Data visualization in OCDSearch
Initially, we planned to build OCDSearch as a search engine only. But after first weeks of alpha testing, we realized that it could be much more useful if we add some basic data visualization tool.
For this, we used Kibana, an open-source data visualization tool. It could be a bit less flexible or powerful, comparing to market leaders from QlickTech, Oracle or Microsoft, but it has several advantages:
- It is free;
- It seems to be fast enough (at least, at first glance);
- It uses data, indexed by the search engine. In other words, this is full-text search and business intelligence tool in one box.
Like any other business intelligence tool, it is interactive. In other words, when you select any item of the dashboard, it automatically recalculates other elements. Let’s see it on a practical example. When you open Colombia’s page, it will look like this:
Then you may decide to select only open tenders and click on the green section of the pie chart in the upper left corner. When you do this, your dashboard will look like this:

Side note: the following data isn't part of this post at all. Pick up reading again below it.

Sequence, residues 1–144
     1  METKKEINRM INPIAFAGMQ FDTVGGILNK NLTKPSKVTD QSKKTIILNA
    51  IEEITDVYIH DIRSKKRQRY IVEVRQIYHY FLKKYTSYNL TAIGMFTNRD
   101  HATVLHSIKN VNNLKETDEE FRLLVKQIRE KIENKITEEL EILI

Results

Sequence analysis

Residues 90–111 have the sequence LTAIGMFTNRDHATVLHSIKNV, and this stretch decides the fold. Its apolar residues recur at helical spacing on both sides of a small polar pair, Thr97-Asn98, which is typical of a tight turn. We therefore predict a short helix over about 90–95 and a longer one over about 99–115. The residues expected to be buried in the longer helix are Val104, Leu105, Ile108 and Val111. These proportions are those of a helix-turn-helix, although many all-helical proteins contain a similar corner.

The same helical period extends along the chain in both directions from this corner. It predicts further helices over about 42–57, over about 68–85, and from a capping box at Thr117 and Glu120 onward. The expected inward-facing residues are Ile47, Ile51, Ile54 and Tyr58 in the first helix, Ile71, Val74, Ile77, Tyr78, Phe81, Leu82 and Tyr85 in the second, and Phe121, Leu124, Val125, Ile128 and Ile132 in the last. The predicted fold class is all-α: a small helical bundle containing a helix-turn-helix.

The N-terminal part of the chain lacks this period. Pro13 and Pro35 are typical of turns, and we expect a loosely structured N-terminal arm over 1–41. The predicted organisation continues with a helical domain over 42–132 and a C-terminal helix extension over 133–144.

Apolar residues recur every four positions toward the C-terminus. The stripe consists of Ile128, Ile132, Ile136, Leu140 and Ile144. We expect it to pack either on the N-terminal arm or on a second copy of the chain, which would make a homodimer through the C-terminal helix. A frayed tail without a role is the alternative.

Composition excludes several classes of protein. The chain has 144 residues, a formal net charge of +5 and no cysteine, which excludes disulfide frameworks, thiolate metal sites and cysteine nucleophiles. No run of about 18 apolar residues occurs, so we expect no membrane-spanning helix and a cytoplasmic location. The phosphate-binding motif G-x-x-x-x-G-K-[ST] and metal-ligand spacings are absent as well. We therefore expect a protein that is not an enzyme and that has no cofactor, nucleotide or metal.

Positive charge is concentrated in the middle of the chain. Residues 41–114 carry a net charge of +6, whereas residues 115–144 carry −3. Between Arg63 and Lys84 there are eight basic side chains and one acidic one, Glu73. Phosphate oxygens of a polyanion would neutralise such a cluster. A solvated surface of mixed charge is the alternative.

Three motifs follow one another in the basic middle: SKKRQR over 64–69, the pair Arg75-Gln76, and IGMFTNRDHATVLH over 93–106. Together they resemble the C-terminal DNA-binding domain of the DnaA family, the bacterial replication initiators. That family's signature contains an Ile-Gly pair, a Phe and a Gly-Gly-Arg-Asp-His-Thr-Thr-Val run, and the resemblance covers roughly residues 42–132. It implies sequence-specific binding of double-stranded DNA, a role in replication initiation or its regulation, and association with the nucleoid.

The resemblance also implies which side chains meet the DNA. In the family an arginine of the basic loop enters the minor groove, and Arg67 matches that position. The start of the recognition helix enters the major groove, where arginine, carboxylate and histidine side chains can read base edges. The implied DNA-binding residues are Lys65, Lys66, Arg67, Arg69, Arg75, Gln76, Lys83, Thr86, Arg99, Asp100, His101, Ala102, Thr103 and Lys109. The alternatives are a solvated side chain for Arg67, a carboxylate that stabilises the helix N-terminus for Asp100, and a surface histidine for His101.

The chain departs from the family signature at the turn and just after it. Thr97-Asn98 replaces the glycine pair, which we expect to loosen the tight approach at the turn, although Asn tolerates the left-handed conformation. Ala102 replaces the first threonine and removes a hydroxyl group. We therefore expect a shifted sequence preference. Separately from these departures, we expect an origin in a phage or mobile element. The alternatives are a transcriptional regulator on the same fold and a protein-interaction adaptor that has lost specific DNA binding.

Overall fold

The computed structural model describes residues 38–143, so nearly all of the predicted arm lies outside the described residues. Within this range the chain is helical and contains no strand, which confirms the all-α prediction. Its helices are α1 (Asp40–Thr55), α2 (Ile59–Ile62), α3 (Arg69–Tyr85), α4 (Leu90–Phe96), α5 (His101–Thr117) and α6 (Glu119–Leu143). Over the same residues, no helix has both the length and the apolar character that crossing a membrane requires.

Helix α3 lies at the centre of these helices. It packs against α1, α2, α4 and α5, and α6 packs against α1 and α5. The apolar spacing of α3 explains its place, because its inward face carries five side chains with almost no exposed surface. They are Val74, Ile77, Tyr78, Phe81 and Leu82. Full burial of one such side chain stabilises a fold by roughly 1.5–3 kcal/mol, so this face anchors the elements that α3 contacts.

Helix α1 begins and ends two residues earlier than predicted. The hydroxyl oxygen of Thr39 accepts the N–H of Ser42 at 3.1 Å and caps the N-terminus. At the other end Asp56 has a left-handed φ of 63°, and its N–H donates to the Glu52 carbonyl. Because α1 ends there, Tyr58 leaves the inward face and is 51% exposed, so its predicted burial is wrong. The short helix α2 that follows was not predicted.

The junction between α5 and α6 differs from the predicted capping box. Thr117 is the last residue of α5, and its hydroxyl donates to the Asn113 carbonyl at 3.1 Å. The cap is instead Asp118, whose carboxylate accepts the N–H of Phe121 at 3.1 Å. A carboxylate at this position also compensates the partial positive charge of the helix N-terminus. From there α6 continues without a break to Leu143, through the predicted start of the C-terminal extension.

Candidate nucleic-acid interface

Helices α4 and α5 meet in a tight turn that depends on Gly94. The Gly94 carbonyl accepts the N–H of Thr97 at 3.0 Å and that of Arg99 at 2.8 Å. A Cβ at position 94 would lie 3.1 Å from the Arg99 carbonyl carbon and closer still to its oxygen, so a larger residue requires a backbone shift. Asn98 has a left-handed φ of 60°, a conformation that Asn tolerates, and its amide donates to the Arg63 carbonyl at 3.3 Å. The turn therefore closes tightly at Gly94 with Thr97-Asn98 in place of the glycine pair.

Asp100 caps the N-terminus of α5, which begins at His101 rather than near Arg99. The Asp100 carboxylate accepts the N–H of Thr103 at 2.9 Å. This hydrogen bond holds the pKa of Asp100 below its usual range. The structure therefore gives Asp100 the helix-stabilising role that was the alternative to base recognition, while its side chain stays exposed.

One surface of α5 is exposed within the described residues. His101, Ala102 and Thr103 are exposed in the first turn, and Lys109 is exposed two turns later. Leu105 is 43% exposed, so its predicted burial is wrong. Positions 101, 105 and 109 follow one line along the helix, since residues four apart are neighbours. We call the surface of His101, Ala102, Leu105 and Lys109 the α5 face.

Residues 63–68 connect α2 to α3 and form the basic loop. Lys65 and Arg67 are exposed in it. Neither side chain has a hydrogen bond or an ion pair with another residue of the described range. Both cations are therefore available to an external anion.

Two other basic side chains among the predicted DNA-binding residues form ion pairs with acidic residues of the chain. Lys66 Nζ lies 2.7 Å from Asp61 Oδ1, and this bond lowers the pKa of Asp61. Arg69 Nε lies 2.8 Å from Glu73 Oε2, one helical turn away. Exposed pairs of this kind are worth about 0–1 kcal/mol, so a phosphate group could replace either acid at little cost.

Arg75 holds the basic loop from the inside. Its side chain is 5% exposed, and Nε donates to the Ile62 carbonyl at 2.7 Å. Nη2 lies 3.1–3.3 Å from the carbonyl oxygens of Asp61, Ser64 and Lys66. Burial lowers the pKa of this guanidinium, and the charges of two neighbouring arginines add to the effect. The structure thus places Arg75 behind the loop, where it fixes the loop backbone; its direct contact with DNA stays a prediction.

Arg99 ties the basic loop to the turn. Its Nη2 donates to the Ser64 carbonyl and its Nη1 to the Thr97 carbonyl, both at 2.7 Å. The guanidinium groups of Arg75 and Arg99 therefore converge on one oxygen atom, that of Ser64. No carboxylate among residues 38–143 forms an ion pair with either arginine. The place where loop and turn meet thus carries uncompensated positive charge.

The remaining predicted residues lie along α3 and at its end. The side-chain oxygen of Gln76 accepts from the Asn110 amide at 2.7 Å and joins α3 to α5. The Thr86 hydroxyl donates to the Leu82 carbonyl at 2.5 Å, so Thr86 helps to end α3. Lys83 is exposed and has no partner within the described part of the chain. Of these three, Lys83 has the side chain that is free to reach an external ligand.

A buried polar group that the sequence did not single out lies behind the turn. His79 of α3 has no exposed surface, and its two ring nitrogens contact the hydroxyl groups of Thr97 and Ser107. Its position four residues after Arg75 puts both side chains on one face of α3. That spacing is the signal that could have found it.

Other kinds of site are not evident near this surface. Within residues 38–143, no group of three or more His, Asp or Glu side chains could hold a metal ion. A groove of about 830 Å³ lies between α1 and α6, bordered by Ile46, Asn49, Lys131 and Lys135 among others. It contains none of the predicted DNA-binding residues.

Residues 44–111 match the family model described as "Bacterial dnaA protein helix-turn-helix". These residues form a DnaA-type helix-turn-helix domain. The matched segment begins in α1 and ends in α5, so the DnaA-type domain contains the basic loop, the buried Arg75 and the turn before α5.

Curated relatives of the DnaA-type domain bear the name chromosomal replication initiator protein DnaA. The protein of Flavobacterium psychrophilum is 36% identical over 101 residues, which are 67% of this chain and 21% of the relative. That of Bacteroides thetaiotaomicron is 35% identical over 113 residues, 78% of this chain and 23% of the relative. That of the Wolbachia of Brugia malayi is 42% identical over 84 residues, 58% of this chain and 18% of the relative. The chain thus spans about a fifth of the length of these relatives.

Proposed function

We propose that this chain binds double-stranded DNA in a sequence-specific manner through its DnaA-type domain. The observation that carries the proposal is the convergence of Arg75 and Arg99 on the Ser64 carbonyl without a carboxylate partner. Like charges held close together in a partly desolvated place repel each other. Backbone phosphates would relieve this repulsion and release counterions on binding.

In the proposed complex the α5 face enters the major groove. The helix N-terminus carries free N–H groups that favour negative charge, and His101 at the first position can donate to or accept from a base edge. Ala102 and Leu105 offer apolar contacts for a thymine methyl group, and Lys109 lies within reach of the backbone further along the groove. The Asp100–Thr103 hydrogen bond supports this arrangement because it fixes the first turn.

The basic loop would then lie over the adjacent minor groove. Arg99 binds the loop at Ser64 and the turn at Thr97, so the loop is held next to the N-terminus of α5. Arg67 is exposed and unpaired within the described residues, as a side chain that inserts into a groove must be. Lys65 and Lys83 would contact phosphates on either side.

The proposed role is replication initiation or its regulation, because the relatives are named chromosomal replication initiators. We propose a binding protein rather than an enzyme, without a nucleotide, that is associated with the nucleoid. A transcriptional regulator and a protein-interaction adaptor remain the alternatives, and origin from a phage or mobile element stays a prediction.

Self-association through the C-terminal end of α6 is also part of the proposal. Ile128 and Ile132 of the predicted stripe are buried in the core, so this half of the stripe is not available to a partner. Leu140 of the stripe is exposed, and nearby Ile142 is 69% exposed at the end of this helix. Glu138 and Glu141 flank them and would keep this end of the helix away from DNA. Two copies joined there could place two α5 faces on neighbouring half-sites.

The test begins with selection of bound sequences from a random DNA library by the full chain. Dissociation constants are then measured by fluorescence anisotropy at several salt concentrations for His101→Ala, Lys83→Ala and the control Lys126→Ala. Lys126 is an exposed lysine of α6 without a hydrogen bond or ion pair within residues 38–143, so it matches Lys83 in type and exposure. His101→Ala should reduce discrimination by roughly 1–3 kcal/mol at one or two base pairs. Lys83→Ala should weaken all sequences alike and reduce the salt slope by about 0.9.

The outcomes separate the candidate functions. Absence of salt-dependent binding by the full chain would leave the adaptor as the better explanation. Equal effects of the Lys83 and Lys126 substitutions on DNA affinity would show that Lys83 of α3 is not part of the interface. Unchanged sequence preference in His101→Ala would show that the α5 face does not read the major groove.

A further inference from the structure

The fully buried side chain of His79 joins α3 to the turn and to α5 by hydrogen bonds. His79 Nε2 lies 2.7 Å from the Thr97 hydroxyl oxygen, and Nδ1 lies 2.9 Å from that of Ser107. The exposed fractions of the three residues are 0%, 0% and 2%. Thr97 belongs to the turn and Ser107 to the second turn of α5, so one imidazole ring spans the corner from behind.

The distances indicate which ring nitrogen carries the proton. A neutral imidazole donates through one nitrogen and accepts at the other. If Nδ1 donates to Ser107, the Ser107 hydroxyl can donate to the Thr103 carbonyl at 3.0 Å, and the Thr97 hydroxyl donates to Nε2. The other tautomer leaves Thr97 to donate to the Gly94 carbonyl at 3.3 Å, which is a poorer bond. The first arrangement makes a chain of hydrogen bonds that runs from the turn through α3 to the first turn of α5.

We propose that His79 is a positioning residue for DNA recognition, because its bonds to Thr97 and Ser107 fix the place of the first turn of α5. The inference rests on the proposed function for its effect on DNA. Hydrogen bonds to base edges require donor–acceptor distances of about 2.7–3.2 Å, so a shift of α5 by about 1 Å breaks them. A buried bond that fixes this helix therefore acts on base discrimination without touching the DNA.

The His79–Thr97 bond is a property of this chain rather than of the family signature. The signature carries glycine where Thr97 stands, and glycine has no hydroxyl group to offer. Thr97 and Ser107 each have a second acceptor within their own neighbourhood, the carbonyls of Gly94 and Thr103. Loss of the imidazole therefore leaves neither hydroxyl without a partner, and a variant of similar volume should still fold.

Structure of the statuses on the pie in the upper right corner changed. So did distribution of tenders between buyers on the bar chart in the center. You can proceed more and more applying additional filters and you diagrams will change.
You would say “nothing new,” and you will be right. Many applications do the same. Okay, but what do you think about this feature?
Full-text search + business intelligence: all-in-one
Most of the BI tools which we know work pretty straightforward: there are dimensions, which can be used for analysis of the data, and which must be pre-defined. You can aggregate transactions by these dimensions and play with it. Often, this is it.
In our case, there is a bit more flexibility. Look at the search field at the top of the page. You can add any word or even a clause and see what will happen. Let’s check the word ‘construcción’. Here are tenders, containing this word:
Let’s try to find something more specific. For example, trademark ‘mitsubishi.’ Here we are:
And just a few words about ways to customize your dashboards. There are 16 different visualizations, including gauges, time series, maps, etc. Some of them are easy. Others require some knowledge. But all of them can be set up without programming. For example, adding two metrics to the dashboard takes less than two minutes. Now the dashboard looks like this:
Looks pretty easy, yet useful.
We are still testing this tool. As of today, we are more than excited. Let’s see what will we say in some time.